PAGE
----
Eastport was sent to Cairo, Il., and her conversion finished. She then served with the Union Army until 1 October 1862 when the ships of the Western Flotilla were turned over to the Navy and renamed the Mississippi Squadron. Eastport steamed on western waters until sunk on 15 April 1864 in the Red River by a Confederate torpedo during the Union retreat. Efforts to salvage her failed and she was blown up and destroyed to prevent capture on 26 April 1864.
It has been suggested that Eastport may conceivably have been C. E. Hillman formerly, since Hillman's main particulars are said to match her description before iron plating.
The USS Eastport was a 280-foot ironclad gunboat of the Mississippi Squadron. It was scuttled and sunk by USN Rear Admiral David D. Porter and Com. S. L. Phelps to avoid capture by Confederate land forces on April 26, 1864 after the Eastport had earlier hit a "torpedo" submerged in Red River during Major General N. P. Banks’ Federal retreat near the end of his infamous Red River Campaign. Just after the war, the Federal troop-transport steamboat Ed. F. Dix was on its way up Red River to Shreveport with Federal cavalry onboard, who were preparing to march into Texas. On June 23, 1865, the Ed. F. Dix struck the submerged Eastport and sank on top of it. The Eastport’s forward starboard iron casemate was peeled back and pierced the Dix as it tried to pass over the sunken Eastport.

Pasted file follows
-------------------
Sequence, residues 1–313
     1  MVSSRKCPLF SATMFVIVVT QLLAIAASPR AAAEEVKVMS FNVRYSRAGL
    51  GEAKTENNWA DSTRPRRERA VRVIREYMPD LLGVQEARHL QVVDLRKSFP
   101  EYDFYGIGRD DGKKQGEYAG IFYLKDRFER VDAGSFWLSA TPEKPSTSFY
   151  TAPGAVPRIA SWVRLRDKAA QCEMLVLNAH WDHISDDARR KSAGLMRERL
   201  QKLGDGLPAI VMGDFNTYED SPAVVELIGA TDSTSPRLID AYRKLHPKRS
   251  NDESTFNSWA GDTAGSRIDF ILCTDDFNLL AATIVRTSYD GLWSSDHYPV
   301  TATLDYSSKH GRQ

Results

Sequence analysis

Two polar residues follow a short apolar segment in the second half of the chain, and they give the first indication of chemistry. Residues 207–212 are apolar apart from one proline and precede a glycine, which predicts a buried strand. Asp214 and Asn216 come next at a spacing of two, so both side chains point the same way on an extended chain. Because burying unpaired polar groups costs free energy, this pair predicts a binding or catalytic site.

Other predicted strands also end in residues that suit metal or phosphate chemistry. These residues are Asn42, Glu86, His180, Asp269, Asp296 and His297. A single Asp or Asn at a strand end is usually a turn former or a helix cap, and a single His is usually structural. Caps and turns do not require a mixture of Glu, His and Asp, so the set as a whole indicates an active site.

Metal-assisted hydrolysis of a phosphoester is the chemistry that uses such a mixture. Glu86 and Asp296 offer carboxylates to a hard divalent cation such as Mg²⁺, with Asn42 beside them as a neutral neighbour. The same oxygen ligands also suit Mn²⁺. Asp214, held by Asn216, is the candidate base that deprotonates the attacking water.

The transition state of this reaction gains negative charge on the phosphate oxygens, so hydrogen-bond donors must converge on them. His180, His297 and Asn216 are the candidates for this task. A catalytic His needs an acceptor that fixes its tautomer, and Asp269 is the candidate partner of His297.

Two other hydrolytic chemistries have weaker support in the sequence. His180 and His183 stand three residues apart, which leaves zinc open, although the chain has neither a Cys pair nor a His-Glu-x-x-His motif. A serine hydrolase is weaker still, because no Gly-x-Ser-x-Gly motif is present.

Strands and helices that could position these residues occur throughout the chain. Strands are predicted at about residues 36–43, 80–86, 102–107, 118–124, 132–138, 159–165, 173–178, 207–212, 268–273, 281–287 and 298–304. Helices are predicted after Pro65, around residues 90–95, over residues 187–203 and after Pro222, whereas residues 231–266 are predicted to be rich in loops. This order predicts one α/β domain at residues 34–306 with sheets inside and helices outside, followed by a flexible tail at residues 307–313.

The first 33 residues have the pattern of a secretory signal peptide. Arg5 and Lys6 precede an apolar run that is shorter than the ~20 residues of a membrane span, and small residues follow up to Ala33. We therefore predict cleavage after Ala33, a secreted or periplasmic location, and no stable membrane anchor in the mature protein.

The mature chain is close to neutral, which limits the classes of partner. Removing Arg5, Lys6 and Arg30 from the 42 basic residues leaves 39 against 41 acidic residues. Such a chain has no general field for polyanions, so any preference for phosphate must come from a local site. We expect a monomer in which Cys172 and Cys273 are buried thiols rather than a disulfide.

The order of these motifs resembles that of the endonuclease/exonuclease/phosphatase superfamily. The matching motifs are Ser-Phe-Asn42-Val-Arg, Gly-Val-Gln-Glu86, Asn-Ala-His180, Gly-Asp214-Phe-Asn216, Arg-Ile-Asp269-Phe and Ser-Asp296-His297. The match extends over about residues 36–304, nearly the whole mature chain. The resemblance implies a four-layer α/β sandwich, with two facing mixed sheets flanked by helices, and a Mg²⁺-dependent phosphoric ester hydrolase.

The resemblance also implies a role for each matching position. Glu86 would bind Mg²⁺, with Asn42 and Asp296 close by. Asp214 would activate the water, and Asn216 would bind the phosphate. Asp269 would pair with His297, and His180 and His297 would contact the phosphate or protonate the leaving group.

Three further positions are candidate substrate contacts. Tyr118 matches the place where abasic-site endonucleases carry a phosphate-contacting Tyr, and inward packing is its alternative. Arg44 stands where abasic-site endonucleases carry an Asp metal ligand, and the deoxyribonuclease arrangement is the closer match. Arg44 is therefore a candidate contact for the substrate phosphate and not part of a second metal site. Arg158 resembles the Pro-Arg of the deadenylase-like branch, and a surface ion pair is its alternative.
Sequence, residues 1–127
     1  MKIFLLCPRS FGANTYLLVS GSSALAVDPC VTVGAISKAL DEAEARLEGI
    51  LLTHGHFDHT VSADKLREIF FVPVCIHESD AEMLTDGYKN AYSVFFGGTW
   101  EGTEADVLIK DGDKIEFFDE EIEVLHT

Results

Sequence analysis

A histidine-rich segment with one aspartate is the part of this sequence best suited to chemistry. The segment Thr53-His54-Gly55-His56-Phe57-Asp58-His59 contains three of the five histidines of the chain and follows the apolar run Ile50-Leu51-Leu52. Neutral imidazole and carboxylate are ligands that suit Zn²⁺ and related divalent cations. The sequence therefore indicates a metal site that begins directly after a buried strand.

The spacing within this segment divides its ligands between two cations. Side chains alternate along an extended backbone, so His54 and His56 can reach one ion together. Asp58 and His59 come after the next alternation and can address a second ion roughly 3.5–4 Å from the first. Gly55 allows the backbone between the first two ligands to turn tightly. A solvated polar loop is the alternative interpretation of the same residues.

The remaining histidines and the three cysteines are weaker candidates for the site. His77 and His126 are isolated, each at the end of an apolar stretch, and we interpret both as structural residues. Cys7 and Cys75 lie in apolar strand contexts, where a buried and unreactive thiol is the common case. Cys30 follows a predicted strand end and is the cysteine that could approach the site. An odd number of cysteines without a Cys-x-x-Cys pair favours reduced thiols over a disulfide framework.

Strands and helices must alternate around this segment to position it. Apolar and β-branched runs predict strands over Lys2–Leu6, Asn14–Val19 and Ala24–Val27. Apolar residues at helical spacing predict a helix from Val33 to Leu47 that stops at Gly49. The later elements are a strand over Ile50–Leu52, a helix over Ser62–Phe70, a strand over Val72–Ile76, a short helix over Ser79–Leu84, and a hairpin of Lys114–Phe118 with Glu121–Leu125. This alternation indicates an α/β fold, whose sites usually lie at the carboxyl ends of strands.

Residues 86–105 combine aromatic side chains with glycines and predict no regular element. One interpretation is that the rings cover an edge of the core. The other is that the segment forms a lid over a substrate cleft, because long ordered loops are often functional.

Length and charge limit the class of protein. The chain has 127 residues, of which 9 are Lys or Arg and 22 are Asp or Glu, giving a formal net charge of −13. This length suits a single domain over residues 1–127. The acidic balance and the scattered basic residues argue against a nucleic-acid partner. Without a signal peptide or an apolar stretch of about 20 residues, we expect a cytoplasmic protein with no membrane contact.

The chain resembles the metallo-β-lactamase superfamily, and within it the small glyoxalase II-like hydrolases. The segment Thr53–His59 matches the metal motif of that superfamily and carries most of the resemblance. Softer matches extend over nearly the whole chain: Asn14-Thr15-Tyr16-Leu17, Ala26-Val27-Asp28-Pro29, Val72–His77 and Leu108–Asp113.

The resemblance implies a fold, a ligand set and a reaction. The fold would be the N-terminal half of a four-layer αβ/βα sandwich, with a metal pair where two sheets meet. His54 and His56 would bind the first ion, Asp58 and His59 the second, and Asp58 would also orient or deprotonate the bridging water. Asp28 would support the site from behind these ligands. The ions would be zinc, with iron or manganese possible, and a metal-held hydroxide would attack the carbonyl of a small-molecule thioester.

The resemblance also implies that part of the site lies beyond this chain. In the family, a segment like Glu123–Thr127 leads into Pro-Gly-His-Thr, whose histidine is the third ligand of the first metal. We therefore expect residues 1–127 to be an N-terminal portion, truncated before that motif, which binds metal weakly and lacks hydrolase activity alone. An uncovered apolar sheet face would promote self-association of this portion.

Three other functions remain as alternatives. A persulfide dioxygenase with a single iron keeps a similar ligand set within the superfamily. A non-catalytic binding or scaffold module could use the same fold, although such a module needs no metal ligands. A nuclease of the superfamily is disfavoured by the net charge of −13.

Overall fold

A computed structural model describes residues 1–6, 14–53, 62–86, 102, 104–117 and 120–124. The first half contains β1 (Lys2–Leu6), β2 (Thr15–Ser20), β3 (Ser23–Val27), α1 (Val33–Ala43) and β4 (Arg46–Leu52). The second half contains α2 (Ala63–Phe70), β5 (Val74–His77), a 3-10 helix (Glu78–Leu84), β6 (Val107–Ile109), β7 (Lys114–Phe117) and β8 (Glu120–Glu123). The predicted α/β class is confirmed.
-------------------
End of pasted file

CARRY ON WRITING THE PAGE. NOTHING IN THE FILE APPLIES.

BroGeo
 

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U.S. Navy Procurement And Sea Service
In May 1861, the U.S. Navy placed orders for 750 new .44-cal. Colt “New Model Holster” pistols (Model 1860s) at a cost of $25 each. The guns received were of the fluted-cylinder design, with 500 received at the Boston Navy Yard and the balance at the New York Navy Yard. The final delivery of 200 was sent to the Washington Navy Yard in August. During the inspection of the August delivery, one revolver exploded three charges at one pull of the trigger. The problem was a flaw between the chambers. The Navy exchanged several of its Model 1860 Armys for .36-cal. Model 1861s. No further Navy orders were placed for Model 1860s. They were all the early fluted cylinder models.
The Army had responsibility for the operations on the Mississippi River and the inland rivers until October 1862, while the Navy supplied the officers and sailors for the vessels purchased by the War Department for operations there. The Army supplied the vessels with small arms, including the Model 1860 revolvers. On Oct. 1, 1862, the Navy took over responsibility for operations on the inland waterways, and the Army gunboats and their ordnance stores were transferred to the Navy.